Just about everyone is waiting for the fireworks to go off, as in the frog bite to turn on. Why use a frog in the fall, when shad are the meal of choice, based on meal size and availability? At least on Lake Chickamauga, and this week, here are five reasons why the frog might just be the ticket.
1. A different look. Largemouth here favor the heavily matted vegetation as their primary ambush point and source of concealment. The bait of choice, all summer, has been the punch rig. By now, the fish have become wary and jaded watching 1-ounce tungsten weights punch through the mat and fall to the bottom, creature bait in tow.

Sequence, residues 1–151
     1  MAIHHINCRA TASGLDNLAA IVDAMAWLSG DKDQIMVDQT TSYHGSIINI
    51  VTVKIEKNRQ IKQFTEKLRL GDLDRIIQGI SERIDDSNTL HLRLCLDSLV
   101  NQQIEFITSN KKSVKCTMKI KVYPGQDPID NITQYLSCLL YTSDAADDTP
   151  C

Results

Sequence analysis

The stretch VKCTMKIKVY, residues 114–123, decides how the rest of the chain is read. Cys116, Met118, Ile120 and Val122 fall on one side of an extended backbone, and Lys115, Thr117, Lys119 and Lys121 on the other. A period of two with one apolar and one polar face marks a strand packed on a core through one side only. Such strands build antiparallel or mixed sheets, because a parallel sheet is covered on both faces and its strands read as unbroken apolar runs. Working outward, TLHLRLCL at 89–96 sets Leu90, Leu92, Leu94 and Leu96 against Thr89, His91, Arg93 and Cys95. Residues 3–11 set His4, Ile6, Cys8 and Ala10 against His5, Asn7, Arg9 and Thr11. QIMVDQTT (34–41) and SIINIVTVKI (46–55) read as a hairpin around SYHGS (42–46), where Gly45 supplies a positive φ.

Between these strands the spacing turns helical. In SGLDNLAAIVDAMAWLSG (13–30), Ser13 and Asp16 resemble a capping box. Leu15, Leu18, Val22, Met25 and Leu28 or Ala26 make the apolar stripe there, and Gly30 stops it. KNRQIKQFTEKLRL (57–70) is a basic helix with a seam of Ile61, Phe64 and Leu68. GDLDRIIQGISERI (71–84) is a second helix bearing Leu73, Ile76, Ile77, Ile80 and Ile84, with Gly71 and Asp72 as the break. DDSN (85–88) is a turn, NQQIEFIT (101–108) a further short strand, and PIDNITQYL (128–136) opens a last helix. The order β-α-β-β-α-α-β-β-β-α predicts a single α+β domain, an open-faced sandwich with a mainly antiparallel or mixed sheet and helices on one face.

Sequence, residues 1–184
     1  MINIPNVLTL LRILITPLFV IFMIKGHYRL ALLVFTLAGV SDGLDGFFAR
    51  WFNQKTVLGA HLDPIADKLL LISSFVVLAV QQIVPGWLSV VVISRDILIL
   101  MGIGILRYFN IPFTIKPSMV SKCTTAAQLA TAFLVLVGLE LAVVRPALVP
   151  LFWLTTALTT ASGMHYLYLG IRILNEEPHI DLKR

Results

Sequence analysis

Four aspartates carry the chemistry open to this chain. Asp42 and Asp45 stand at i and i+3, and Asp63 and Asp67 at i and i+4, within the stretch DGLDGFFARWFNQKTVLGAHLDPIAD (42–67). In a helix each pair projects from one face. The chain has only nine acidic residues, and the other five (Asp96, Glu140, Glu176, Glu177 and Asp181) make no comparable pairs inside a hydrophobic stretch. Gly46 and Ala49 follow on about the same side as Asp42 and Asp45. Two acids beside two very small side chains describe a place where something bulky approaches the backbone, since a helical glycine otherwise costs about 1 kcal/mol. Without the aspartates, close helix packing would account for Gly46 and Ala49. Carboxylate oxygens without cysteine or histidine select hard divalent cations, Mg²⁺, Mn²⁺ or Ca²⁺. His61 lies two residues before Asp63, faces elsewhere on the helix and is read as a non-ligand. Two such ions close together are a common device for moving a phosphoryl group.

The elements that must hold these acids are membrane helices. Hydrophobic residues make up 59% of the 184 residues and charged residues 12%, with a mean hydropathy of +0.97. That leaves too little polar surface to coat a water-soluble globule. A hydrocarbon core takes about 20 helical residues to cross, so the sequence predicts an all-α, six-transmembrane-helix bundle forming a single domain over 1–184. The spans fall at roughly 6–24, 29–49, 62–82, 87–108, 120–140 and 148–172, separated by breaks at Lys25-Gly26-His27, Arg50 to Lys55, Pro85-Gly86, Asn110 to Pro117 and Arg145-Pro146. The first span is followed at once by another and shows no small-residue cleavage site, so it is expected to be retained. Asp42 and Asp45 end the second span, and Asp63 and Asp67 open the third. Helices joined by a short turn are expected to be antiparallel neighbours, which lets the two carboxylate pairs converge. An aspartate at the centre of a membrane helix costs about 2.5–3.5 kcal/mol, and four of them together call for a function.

2. Reflex strike. The frog gives the bass a different look, but it's splashing, sashaying and popping action triggers their predator instinct. They just can't resist slurping down that annoying creature coming through their turf.
3. Bigger bass. While the tiny threadfin shad saturate the entire water column, the imposing action of the frog garners the attention of the bigger bass (well, sort of). Here big is anything over 3 pounds.
4. Dying vegetation. The thick hydrilla is beginning to die off, creating trails, holes and other openings as it dissipates from the surface.
5. Better lure action. Less grass improves the swimming action of the frog, which won't get bogged down or snagged in the thick stuff. Better action, more realistic look, more fish.